Dieselpunks

Dieselpunk + Steampunk Culture

What can be more Dieselpunk than a submarine battleship or a submersible aircraft carrier?

Bizarre? Wild? Outlandish? Well, I am talking about real ships. Very real and very unlucky.
It was no other than Lord Fisher who submitted a proposal to the First Lord, Lord Balfour, in August of 1915 to mount a 60 ton 12 inch gun from a battleship of the Majestic class on a K class hull. The gun was to be situated in front of the conning tower. So these submarines fall into "Fisher's Follies" category along with "light battlecruisers" (later converted to aircraft carriers). But don't blame it all on old Jackie Fisher: the idea was born the Committee on Submarine Development, obviously under impression of new German U-cruisers armed with 5.9 inch guns.

In February 1916 Vickers received an order to build a boat to the new design. K18 was remodeled and became M1. Another boat, M2 (ex K19) was ordered from Vickers in May 1916 and two more, M3 (ex K20) and M4 (ex K21), from Armstrong Whitworth in August 1916.
Of the three M Class submarines built (M4 was launched in 1920 only to be sold for scrap), only M1 was completed before the end of the war, though she was never used in action because it was thought that if she was copied by the enemy Britain was likely to suffer more from the use of the 12-inch gun than Germany. Why this was never thought of before construction remains a mystery. M2 and M3 were completed in 1920.

The fact that the M Class design got further than the conference table is a reflection of the failure by the Admiralty to recognise the proper nature of submarine operations. Although their 12-inch guns were ideally suited for bombarding coastal defences, their method of attack at sea was rather primitive. The attack procedure was to cruise at periscope depth until the target was lined up'. The submarine was then brought-up until about six feet of the gun barrel protruded from the water. A round was fired and the submarine would then make a rapid dive - unable to fire again as the gun could not be reloaded under water. Known as the 'dip-chick' method, this attack procedure took about 30 seconds to complete. At that time torpedoes were considered ineffective against moving warships at more than 1000 yards (900 m). Nevertheless it is unlikely that a well-constructed ship would be sunk by a single 12-inch (305 mm) shell hit.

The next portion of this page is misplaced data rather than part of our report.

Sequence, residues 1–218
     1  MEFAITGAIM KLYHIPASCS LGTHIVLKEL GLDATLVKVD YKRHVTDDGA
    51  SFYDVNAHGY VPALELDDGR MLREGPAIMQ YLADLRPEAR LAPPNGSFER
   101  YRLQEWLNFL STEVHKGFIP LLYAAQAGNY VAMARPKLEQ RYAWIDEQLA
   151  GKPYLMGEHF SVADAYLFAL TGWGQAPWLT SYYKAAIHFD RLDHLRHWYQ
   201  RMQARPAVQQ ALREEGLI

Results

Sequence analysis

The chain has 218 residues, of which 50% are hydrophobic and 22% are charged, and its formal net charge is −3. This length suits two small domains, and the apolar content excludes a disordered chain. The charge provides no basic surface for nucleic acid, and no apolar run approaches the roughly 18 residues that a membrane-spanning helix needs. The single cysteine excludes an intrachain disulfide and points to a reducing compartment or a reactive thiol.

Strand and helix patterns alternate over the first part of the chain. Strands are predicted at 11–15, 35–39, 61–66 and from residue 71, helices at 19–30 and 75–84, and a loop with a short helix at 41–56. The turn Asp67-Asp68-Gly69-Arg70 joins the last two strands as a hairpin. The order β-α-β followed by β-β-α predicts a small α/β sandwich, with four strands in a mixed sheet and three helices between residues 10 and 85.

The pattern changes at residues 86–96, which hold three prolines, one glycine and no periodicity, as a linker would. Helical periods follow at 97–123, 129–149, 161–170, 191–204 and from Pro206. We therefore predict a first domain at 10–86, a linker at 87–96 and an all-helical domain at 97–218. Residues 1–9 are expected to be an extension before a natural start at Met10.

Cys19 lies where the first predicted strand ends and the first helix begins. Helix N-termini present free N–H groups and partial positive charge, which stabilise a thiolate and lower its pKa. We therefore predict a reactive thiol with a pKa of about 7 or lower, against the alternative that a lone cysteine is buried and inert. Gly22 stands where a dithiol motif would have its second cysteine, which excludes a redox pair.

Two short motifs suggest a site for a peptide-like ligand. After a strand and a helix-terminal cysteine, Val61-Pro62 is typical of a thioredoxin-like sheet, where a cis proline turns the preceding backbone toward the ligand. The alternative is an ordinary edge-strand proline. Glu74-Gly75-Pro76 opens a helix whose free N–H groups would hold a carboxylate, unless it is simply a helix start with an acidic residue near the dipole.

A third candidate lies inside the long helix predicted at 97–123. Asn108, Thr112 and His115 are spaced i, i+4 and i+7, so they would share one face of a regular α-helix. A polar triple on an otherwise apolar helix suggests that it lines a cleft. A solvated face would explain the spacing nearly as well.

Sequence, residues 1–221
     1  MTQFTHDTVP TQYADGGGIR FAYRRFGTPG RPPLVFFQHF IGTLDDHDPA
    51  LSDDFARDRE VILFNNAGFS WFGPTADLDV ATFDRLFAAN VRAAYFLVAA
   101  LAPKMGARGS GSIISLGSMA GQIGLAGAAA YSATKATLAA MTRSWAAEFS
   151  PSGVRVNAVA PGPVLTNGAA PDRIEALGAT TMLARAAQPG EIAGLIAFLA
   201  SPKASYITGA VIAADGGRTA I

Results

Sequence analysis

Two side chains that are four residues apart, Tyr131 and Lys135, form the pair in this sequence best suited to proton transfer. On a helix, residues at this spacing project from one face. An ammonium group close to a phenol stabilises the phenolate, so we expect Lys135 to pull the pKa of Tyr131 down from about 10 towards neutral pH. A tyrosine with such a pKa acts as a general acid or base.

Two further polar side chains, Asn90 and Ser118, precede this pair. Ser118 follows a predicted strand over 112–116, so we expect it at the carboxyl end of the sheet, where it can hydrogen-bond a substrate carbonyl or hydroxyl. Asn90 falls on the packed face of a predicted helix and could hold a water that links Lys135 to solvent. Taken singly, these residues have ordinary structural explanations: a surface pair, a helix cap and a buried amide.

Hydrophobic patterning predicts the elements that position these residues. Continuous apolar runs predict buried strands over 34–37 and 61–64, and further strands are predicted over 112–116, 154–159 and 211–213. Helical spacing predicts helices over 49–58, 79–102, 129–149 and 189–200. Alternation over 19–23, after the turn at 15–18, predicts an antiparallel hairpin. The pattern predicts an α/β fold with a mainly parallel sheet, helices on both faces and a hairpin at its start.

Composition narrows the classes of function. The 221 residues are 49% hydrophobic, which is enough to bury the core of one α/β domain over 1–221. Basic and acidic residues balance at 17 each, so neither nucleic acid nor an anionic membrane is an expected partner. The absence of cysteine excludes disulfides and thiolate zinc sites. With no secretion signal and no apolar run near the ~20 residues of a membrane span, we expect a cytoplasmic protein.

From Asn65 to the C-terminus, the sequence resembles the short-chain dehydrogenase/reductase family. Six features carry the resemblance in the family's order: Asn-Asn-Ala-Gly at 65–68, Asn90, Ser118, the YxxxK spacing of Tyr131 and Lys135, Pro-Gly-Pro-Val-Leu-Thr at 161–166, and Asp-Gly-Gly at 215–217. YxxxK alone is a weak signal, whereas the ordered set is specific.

The guns were 12-inch (305 mm) 40 calibre Mark IXs. The mounting allowed them to elevate by 20 degrees, depress 5 degrees and train 15 degrees in either direction from the centre line. M1 and M2 also had four 18-inch (450-mm) torpedo tubes whilst M3 and M4 were designed with 21-inch (533 mm) diameter tubes and were 3 metres longer to accommodate them.
The M Class were partial double-hulled submarines with the double-hull extending for about 65% of the length of the boat. A surface speed of 15 knots was attained from two Vickers 12-cylinder diesel engines, each of 1200 bhp. Under water, four double armature-type main motors, generating 400 bhp each, gave a submerged speed of 9 knots. Power for submerged operations was supplied from three battery tanks containing a total of 336 Exide cells.